7. JSON
    8. HTTP
    9. SOAP-Based Services
    10. Overview
    11. SOAP Messages, Requests, and Responses
    12. WSDL
    13. Java APIs and Programming Models
  2. Introduction to REST
    1. Overview and Principles
    2. REST Characteristics
    3. Resources and Operations
    4. REST Principles
    5. Requests and Responses
    6. REST APIs
    7. URI Templates
    8. GET, POST, PUT, DELETE
    9. Safe and Idempotent Methods
    10. Comparison of REST and SOAP
  3. Introduction to JAX-RS
    1. APIs and Implementations
    2. JAX-RS Overview, Annotations
    3. JAX-RS Implementations
    4. Runtime Environment
    5. Application Server, Servlet-Only Container
    6. Architectural and Implementation Perspectives
    7. Configuring the Application
    8. Applications, Resources, and Providers
    9. JAX-RS Applications
    10. Resource Classes and @Path
    11. Provider Classes and @Provider
    12. Default Lifecycles
    13. The Application Class and rest-path
    14. Ajax-JavaScript Clients
    15. Overview
    16. Classic vs. Ajax Interactions
    17. Working with Ajax-JavaScript
  4. Resources and Requests
    1. Resources and Subresources
    2. Root Resource Classes, Resource Methods, Subresource Methods
    3. @GET, @POST, @PUT, @DELETE
    4. Subresource Locators
    5. Naming Conventions and Rules
    6. Dispatching Requests to Methods
    7. Binding Request Data
    8. Request Data Injection and Conversion
    9. Default Values
    10. Fields vs. Method Parameters
    11. Context-Based Injection
    12. Injection via @Context
    13. Context-Injectable Types
    14. Context Injection from the Web Container
    15. Fields vs. Method Parameters
  5. HTTP Entities
    1. Complex Content and Entities
    2. Working with Complex Content
    3. @Consumes and @Produces
    4. Content Negotiation
    5. Standard Entity Providers
    6. Working with JSON
    7. Returning Data as JSON
    8. Working with JSON in JavaScript
    9. Processing JSON Responses
    10. Working with XML
    11. JAXB and Mapping to XML
    12. Returning Data as XML
    13. Working with XML on the Client
    14. Customizing Content, Custom Media Types
    15. Working with Collections
    16. XML vs. JSON
  6. Responses
    1. Response Class
    2. Return Types and HTTP Response Codes
    3. Appropriate Responses for HTTP Methods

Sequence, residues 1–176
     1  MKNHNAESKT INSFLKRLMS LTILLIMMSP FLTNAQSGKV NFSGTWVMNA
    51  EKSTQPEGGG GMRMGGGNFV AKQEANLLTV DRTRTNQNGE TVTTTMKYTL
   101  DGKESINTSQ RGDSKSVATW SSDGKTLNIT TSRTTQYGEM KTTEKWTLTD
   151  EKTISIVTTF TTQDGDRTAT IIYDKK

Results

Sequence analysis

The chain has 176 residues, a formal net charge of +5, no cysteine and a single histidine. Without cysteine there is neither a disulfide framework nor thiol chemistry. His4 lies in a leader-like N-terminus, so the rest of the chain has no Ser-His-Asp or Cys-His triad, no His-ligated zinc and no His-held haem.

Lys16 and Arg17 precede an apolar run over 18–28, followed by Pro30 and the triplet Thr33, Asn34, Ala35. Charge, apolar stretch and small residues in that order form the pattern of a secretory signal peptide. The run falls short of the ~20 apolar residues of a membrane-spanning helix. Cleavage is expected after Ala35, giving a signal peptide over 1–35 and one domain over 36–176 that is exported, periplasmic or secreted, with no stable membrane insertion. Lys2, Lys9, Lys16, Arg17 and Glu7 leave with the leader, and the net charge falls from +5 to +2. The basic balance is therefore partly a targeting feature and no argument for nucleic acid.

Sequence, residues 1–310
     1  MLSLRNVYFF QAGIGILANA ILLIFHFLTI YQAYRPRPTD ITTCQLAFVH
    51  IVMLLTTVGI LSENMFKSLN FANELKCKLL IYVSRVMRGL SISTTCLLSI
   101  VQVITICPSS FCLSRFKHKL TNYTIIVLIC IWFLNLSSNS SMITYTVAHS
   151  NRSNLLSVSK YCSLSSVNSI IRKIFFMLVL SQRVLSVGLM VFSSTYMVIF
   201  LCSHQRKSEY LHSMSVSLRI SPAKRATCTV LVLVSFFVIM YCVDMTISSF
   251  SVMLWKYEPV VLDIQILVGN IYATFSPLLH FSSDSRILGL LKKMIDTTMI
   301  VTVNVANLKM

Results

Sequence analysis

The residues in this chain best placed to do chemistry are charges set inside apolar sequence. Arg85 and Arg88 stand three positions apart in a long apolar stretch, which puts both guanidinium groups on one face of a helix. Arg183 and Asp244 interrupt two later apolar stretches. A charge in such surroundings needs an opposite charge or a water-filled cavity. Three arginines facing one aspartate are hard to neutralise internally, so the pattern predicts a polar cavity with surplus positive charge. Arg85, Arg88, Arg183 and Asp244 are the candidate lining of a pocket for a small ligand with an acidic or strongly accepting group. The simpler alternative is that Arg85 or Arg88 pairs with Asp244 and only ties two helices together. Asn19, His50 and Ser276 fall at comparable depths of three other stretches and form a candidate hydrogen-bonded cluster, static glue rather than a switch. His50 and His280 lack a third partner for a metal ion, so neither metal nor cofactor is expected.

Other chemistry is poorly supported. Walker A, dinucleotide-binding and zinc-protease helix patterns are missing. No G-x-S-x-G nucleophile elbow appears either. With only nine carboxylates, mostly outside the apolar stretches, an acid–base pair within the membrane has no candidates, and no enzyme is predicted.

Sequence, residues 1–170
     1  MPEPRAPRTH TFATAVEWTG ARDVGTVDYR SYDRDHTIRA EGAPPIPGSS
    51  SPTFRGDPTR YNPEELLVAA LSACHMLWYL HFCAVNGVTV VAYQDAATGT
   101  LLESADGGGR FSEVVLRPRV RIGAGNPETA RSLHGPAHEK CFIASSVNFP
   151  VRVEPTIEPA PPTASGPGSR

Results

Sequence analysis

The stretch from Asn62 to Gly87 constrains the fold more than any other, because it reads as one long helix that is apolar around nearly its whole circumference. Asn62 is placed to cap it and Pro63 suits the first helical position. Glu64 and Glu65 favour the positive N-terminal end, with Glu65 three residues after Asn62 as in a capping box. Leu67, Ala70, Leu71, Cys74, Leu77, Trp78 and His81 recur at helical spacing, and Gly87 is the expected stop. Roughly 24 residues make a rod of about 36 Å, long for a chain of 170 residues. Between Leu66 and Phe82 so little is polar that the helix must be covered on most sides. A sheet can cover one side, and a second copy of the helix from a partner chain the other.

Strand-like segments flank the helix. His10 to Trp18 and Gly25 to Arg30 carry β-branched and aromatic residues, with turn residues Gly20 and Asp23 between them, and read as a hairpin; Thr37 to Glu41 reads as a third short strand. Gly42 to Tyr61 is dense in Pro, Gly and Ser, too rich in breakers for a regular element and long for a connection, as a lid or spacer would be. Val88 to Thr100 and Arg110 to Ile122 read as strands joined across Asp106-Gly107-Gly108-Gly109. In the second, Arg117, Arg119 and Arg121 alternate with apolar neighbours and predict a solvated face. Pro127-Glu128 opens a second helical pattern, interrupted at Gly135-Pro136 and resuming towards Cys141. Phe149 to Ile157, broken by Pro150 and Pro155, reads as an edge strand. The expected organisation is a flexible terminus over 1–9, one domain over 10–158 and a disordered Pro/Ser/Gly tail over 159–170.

4. Choosing the Right Response
    5. Error Handling
    6. Exception Mappers
    7. WebApplicationException
    8. Response vs. Thrown Exception
    9. Error Responses
    10. Subresource Locators
    11. Motivation and Uses
    12. Locating the Locator
    13. Initializing the Subresource
    14. Binary Content
    15. File, InputStream, StreamingOutput
    16. Using StreamingOutput
  7. Java Client API
    1. Java Client - Options and Ingredients
    2. Building and Sending the Request
    3. Consuming the Response
    4. Options for the Response Data
    5. Asynchronous Requests
  8. Integration with Java EE
    1. Integration with EJB
    2. CDI - Contexts and Dependency Injection
    3. Activation, Scopes, and JAX-RS Lifecycles
    4. Injection in CDI-Enabled JAX-RS Applications
    5. Enhanced Java EE Lifecycle
  9. Security
    1. Java EE Security Overview
    2. Security Requirements in JAX-RS
    3. Declarative, Role-Based Security
    4. Security Constraints
    5. Annotation-Based Security
    6. Authentication
    7. Configuration
    8. Authentication Models: Basic, Digest, Client-Cert
    9. Programmatic Security
    10. SecurityContext
    11. Client Security
    12. HTTPS
Class Materials

Each student in our Live Online and our Onsite classes receives a comprehensive set of materials, including course notes and all the class examples.

Class Prerequisites

Experience in the following is required for this Java Web Services class:

  • Experience with Java.
  • Familiarity with XML, Java web applications, and other Java EE standards.

Experience in the following would be useful for this Java Web Services class:

  • Familiarity with Ajax, JavaScript, and JSON.